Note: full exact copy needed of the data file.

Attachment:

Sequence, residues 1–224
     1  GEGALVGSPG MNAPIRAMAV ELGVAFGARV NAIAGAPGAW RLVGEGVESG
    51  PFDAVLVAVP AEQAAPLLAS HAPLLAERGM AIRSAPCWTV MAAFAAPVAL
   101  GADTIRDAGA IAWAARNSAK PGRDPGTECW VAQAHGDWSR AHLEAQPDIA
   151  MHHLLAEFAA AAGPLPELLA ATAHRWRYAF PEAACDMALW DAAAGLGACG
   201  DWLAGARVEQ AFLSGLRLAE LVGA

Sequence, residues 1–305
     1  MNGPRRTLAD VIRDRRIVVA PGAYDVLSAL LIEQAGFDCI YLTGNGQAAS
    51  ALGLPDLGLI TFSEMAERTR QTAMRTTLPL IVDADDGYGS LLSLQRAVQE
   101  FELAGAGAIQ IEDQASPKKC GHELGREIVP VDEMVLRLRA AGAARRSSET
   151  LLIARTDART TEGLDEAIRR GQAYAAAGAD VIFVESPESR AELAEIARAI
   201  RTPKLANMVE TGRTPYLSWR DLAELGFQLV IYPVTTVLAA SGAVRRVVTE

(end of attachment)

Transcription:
Sequence, residues 1–224
     1  GEGALVGSPG MNAPIRAMAV ELGVAFGARV NAIAGAPGAW RLVGEGVESG
    51  PFDAVLVAVP AEQAAPLLAS HAPLLAERGM AIRSAPCWTV MAAFAAPVAL
   101  GADTIRDAGA IAWAARNSAK PGRDPGTECW VAQAHGDWSR AHLEAQPDIA
   151  MHHLLAEFAA AAGPLPELLA ATAHRWRYAF PEAACDMALW DAAAGLGACG
   201  DWLAGARVEQ AFLSGLRLAE LVGA

Sequence, residues 1–305
     1  MNGPRRTLAD VIRDRRIVVA PGAYDVLSAL LIEQAGFDCI YLTGNGQAAS
    51  ALGLPDLGLI TFSEMAERTR QTAMRTTLPL IVDADDGYGS LLSLQRAVQE
   101  FELAGAGAIQ IEDQASPKKC GHELGREIVP VDEMVLRLRA AGAARRSSET
   151  LLIARTDART TEGLDEAIRR GQAYAAAGAD VIFVESPESR AELAEIARAI
   201  RTPKLANMVE TGRTPYLSWR DLAELGFQLV IYPVTTVLAA SGAVRRVVTE